What Are Your Aneurysm Risks?

What Are Your Aneurysm Risks?

An aneurysm can occur in various places in your body, but they are generally divided among thoracic aneurysms, which occur in the chest, and abdominal aneurysms, which occur below the chest. These occur in your aorta, which is the large artery that feeds both your chest and your torso.

An aneurysm is a small section of an artery that has begun to stretch or balloon out. Imagine the bulge that would occur in a thin garden hose if you were to turn up the pressure but block off the outlet.

The aneurysm forms inside the wall of your artery – between two layers of the wall. The separation of an artery in the formation of an aneurysm is called a dissection.


An aneurysm event can be extremely dangerous with about 10,000 deaths in the United States attributed to aneurysms each year, while about twice that many deaths include aneurysms as a contributing factor. The only medical treatment for an aneurysm is surgery, although medicine to lower blood pressure, quitting smoking and proper exercise can help lower your risk of getting one.

Thoracic, abdominal, cerebral and peripheral

When an aneurysm bursts or ruptures, it causes internal bleeding. This can be extremely dangerous, especially when it occurs on a major artery. Aneurysms often occur behind the heart, while others occur in the aorta or a peripheral artery that feeds internal organs, such as the kidneys.

Peripheral aneurysms also occur in the neck, behind the knees, in the groin area or in the brain, where it is called a cerebral aneurysm. A ruptured cerebral aneurysm is the cause of a stroke, which can be fatal.

Men are more likely than women to have an abdominal aneurysm, while men and women are equally prone to thoracic aneurysms. Overall, two-thirds of all aneurysms occur in men.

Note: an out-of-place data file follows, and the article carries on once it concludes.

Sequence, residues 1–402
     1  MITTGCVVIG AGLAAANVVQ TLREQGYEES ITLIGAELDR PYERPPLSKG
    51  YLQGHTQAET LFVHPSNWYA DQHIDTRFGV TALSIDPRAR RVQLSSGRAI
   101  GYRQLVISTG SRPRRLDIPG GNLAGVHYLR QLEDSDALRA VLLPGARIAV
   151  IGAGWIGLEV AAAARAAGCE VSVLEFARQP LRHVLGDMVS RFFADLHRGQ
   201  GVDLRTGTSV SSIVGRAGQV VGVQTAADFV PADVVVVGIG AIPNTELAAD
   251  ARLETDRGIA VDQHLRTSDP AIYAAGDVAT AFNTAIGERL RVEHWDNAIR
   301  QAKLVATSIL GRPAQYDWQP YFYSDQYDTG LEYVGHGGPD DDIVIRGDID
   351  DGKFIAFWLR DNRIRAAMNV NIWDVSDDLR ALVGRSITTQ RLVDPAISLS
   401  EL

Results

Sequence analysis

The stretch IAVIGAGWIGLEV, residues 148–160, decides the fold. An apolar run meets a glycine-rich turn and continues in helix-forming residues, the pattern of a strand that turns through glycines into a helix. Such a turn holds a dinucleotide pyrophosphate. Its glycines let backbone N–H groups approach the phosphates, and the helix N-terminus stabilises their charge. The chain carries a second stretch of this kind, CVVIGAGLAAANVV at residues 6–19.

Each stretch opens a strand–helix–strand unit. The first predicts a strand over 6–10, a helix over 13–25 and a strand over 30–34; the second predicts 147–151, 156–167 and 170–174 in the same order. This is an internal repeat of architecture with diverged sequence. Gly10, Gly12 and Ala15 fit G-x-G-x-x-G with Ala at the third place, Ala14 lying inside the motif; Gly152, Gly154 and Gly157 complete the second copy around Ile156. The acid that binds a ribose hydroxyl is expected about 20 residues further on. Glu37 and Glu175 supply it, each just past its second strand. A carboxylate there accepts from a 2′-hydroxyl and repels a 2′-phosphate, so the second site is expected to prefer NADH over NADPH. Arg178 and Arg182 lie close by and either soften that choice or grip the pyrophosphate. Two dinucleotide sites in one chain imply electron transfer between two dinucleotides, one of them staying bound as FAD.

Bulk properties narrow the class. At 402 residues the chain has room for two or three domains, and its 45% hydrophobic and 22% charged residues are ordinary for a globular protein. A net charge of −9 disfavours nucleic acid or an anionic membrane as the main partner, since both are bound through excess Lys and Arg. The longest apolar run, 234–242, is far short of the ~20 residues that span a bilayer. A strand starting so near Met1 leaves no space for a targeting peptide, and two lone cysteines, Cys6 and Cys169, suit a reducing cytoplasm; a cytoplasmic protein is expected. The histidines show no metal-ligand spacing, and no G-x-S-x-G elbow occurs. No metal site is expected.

What causes an aneurysm?

Various contributing factors increase your risks of an aneurysm. These include:

  • Smoking
  • High cholesterol
  • High blood pressure
  • Atherosclerosis (hardening of arteries)
  • Injury
  • Infections
  • Risks increase with age
  • Ehlers-Danlos Syndrome
  • Marfan Syndrome

Symptoms of a burst aneurysm

There are generally no symptoms for an aneurysm until they rupture. The symptoms also vary depending on where it occurs.

Thoracic aneurysms

  • Shortness of breath
  • Sharp pan
  • Trouble breathing
  • Difficulty swallowing


  • Pain in buttocks
  • Throbbing abdominal pain
  • Weakness in legs


It is recommended that men aged 65 or older get an ultrasound screening to check for a developing aneurysm. In addition:

  • Stop smoking
  • Maintain healthy blood pressure
  • Maintain proper cholesterol levels
  • Regular exercise


Are you ready for an aneurysm screening? In San Diego, call Pacific Medical Care at 619-333-8114 to schedule an appointment.

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